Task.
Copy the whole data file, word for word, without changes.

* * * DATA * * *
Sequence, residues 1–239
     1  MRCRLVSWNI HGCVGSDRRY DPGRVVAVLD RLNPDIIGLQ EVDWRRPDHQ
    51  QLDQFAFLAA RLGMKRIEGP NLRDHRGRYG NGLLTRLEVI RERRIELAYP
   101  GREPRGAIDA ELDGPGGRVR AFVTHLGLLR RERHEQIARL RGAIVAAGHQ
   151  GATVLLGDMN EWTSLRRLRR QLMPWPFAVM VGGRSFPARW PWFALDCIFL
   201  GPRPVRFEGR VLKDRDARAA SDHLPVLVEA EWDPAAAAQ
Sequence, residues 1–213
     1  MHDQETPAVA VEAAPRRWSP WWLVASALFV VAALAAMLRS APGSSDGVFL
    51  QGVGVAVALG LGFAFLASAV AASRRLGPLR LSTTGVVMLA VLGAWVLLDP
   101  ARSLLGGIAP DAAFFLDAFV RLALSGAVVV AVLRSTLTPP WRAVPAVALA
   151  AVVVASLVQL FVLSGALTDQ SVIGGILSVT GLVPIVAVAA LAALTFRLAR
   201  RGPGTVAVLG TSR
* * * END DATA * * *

Sequence, residues 1–239
     1  MRCRLVSWNI HGCVGSDRRY DPGRVVAVLD RLNPDIIGLQ EVDWRRPDHQ
    51  QLDQFAFLAA RLGMKRIEGP NLRDHRGRYG NGLLTRLEVI RERRIELAYP
   101  GREPRGAIDA ELDGPGGRVR AFVTHLGLLR RERHEQIARL RGAIVAAGHQ
   151  GATVLLGDMN EWTSLRRLRR QLMPWPFAVM VGGRSFPARW PWFALDCIFL
   201  GPRPVRFEGR VLKDRDARAA SDHLPVLVEA EWDPAAAAQ
Sequence, residues 1–213
     1  MHDQETPAVA VEAAPRRWSP WWLVASALFV VAALAAMLRS APGSSDGVFL
    51  QGVGVAVALG LGFAFLASAV AASRRLGPLR LSTTGVVMLA VLGAWVLLDP
   101  ARSLLGGIAP DAAFFLDAFV RLALSGAVVV AVLRSTLTPP WRAVPAVALA
   151  AVVVASLVQL FVLSGALTDQ SVIGGILSVT GLVPIVAVAA LAALTFRLAR
   201  RGPGTVAVLG TSR